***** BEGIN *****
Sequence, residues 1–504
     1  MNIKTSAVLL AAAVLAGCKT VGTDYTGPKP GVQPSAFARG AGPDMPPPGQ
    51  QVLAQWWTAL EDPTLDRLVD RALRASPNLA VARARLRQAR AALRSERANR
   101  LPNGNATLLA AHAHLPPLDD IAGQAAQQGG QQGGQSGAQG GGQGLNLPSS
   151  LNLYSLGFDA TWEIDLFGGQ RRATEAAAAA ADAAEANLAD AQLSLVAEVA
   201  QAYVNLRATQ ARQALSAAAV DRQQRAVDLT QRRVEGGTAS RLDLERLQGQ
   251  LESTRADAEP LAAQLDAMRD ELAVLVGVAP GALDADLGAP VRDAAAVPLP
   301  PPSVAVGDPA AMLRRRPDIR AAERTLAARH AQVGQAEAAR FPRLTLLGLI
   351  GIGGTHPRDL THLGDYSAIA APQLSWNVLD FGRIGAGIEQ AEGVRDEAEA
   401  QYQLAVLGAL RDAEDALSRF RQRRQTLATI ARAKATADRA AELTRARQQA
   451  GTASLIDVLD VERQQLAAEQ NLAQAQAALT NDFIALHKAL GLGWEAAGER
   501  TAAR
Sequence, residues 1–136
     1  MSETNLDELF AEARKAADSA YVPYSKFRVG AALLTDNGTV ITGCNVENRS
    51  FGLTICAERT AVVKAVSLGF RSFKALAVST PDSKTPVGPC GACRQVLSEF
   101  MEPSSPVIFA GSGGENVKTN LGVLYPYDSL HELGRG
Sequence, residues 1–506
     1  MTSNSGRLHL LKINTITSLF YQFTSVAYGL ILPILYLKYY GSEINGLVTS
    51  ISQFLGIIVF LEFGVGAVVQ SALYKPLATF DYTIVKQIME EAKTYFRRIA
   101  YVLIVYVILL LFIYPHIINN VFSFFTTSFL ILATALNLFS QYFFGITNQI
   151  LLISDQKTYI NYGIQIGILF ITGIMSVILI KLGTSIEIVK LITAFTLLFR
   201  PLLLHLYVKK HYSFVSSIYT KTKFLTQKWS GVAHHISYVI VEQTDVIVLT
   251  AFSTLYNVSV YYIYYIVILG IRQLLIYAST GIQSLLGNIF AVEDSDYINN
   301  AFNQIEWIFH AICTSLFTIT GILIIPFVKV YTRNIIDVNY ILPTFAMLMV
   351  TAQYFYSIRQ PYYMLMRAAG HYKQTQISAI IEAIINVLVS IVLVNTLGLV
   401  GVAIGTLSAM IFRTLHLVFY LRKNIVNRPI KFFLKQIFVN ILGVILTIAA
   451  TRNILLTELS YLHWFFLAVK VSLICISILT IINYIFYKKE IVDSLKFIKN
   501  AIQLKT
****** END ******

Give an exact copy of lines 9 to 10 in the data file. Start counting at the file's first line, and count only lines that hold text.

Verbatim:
   351  GIGGTHPRDL THLGDYSAIA APQLSWNVLD FGRIGAGIEQ AEGVRDEAEA
   401  QYQLAVLGAL RDAEDALSRF RQRRQTLATI ARAKATADRA AELTRARQQA